The parents of a 6-year-old girl, who was electrocuted and died after she climbed on to a metal cage encasing an electrical distribution kiosk on the premises of a sectional title scheme in Richard’s Bay, KwaZulu-Natal, have lost their bid for a second time to hold the municipality liable for their loss.
Arthur and Zelna Lucas initially turned to the Durban High Court to claim damages from the Umhlathuze Municipality as well as against Ocean Rest 3 body corporate. The body corporate, meanwhile, entered into a confidential settlement with the parents.
Following a damages trial, the parents lost their case against the municipality, as the high court found that it could not be held liable.
The Lucas couple subsequently turned to the Supreme Court of Appeal, insisting that the municipality should be accountable for their damages.
The child was electrocuted in June 2013, after she climbed on to the housing complex’s electrical distribution kiosk. The parents alleged that the municipality and the body corporate had negligently failed to ensure the metal cage did not pose a danger to residents. They argued that both entities failed in their “duty of care” to the public. As the body corporate agreed to settle, the parents pursued their claim against the municipality only.
The body corporate installed the distribution kiosk. The scheme’s developer had installed five electricity distribution kiosks on the common property; each servicing four sections.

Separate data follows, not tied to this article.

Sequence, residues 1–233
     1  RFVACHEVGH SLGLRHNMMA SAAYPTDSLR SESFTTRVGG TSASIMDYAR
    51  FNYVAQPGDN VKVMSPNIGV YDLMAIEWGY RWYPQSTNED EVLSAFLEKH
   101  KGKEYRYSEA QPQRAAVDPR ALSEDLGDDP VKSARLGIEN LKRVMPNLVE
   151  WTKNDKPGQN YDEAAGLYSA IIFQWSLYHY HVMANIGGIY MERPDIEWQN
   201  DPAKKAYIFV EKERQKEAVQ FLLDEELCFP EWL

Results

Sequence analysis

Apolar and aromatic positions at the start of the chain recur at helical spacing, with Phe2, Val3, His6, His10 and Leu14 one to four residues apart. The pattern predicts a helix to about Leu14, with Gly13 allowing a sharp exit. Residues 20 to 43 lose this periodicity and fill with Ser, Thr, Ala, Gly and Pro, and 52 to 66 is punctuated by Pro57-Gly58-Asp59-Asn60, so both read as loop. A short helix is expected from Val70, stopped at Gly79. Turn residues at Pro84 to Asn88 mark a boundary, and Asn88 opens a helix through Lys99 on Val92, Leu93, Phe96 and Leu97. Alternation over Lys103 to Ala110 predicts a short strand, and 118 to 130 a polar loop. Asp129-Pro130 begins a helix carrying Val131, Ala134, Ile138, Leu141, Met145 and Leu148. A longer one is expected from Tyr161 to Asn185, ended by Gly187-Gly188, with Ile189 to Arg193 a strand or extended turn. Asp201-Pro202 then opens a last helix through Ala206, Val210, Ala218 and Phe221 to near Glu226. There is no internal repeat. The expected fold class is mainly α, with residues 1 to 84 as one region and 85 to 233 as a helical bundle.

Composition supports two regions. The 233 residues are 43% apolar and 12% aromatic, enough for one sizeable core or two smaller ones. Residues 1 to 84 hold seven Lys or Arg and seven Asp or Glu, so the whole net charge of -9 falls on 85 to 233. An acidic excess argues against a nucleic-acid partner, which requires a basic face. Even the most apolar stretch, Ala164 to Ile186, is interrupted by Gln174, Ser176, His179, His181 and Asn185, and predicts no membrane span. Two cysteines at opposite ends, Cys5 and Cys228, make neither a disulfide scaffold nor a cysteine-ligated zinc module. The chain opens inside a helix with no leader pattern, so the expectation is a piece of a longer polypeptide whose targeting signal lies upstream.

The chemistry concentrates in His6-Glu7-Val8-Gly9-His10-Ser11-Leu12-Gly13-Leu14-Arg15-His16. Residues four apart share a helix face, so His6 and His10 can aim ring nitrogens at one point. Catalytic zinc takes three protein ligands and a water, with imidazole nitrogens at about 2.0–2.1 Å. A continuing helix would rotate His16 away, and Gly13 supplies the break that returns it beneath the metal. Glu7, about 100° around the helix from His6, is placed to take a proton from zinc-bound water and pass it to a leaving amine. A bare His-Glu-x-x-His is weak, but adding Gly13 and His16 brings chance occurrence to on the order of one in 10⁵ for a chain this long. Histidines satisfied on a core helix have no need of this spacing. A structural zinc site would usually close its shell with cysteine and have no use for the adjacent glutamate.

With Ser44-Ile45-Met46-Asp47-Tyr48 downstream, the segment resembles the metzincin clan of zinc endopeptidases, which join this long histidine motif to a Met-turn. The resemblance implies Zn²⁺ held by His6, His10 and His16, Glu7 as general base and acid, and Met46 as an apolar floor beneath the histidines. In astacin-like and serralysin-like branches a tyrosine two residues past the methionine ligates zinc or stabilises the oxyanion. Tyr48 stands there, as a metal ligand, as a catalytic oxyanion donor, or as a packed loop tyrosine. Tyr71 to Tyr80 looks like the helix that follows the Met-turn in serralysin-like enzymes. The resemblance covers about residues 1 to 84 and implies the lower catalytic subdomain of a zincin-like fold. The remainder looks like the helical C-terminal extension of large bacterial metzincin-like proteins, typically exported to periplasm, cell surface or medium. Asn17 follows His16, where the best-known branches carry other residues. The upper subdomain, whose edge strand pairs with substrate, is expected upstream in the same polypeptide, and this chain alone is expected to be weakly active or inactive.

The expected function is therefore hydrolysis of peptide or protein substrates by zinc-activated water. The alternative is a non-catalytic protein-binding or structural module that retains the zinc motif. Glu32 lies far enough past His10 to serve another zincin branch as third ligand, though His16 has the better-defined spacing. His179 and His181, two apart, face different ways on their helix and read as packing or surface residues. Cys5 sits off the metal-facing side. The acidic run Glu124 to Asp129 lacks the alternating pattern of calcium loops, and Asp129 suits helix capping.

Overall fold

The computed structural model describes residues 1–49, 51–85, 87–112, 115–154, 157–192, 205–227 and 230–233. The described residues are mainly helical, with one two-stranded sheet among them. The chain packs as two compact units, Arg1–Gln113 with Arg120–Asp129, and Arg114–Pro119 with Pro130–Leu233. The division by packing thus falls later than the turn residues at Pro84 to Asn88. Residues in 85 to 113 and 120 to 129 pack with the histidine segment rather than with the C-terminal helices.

Electrical wiring, leading to and from the kiosk, was laid underground. The municipality installed prepaid meters in the kiosks, regulating payment but not electricity supply.
The municipality supplies electricity to the body corporate from its mini substation across the road and provides subterranean infrastructure to the boundary of the scheme, from where the body corporate is responsible for reticulation of electricity.
At the insistence of the body corporate, metal cages were later placed over the kiosks. The municipality then installed locks on to the cages to safeguard the infrastructure against vandalism and prevent interference with the prepaid meters within the kiosks.
Following the child’s death, the municipality identified the cause of the incident as electrification of the metal cage. It occurred when one of the legs of the cage made contact with the copper coil of an underground cable connected to the distribution kiosk.
This took place when weight or pressure was placed on the cage, which had not been earthed. It was argued, on behalf of the parents, that by placing a lock on the cage and retaining its key, the municipality assumed a legal duty to ensure that the cage was safe.
The high court rejected this contention, and concluded that affixing locks and retention of the keys by the municipality could not be considered wrongful, and that no negligence could be ascribed to the municipality. The high court dismissed the claim.
On appeal, counsel for the parents maintained that the municipality should have foreseen that the cage was of an unsafe design, and therefore could become electrified and cause harm to any person who touched it.
But five SCA judges said the Sectional Titles Act imposed specific duties on a body corporate in respect of common property maintenance. The duties under the act do not extend to a local municipality.
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